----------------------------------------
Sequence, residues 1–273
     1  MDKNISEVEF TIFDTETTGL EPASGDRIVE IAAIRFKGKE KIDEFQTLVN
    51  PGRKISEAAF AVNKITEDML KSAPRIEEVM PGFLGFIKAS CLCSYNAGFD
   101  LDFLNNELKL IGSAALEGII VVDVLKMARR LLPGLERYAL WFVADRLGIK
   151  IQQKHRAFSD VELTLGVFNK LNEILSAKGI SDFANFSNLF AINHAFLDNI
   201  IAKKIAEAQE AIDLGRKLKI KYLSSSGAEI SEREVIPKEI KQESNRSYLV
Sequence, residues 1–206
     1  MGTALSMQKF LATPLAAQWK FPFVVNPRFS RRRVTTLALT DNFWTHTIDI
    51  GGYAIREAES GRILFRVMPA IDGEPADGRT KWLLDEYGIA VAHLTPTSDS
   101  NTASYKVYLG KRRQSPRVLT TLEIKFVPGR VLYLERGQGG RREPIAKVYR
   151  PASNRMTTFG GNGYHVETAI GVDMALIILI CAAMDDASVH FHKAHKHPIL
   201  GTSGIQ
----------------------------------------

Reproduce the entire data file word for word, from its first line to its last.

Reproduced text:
Sequence, residues 1–273
     1  MDKNISEVEF TIFDTETTGL EPASGDRIVE IAAIRFKGKE KIDEFQTLVN
    51  PGRKISEAAF AVNKITEDML KSAPRIEEVM PGFLGFIKAS CLCSYNAGFD
   101  LDFLNNELKL IGSAALEGII VVDVLKMARR LLPGLERYAL WFVADRLGIK
   151  IQQKHRAFSD VELTLGVFNK LNEILSAKGI SDFANFSNLF AINHAFLDNI
   201  IAKKIAEAQE AIDLGRKLKI KYLSSSGAEI SEREVIPKEI KQESNRSYLV
Sequence, residues 1–206
     1  MGTALSMQKF LATPLAAQWK FPFVVNPRFS RRRVTTLALT DNFWTHTIDI
    51  GGYAIREAES GRILFRVMPA IDGEPADGRT KWLLDEYGIA VAHLTPTSDS
   101  NTASYKVYLG KRRQSPRVLT TLEIKFVPGR VLYLERGQGG RREPIAKVYR
   151  PASNRMTTFG GNGYHVETAI GVDMALIILI CAAMDDASVH FHKAHKHPIL
   201  GTSGIQ